than a year of experience. There is no certification or licensing
requirement for sales and marketing.

The Korean Advertisers Association is Korea's biggest professional
organization for advertisers. Its website has news and job
information and is available in English. The Federation of Korean
Industries publishes an online periodical that could be of use to those
interested in Korean sales and marketing jobs. Another good resource
is the Hyundai Research Institute, one of Korea's most credible
sources of information.

General Business
The businesses that most often hire professional managers and
consultants are those that require customer data analysis. Since
customer relationship management, or CRM, is becoming a major
concern for many companies, good customer data collection and the
lack of professionals qualified to analyze it is becoming a concern in
Korea. This means a great deal of opportunity for those with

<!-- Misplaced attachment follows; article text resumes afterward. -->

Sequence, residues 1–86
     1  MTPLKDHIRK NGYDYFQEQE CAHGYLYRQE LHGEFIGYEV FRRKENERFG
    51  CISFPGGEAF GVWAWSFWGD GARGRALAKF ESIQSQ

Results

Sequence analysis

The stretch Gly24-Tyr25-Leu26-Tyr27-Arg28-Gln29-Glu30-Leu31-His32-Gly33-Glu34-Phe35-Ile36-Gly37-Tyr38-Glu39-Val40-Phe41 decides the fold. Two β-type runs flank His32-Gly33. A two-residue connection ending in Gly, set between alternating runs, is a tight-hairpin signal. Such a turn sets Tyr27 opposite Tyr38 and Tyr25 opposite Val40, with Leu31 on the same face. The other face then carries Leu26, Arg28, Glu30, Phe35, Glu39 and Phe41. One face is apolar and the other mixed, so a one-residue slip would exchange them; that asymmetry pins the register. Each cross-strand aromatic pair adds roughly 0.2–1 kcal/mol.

experience and knowledge in this area.

Anyone who wants to work in the general business sector in Korea
will need a college degree, and those with MBAs or degrees in
marketing will have the best success on the job market. Foreign
candidates, in general, need work experience as well as a university
education. There is no certification or licensing requirement for
workers in general business.

A good Korean general business periodical is the KCCI Business
Journal, published by the Korean Chamber of Commerce and Industry.
It covers the Korean economy, industry trends, and other information
intended to help foreigners do business in and with Korea. Other
useful business resources are the Han Hwa Economy Research
Institute and the Center for Free Enterprise.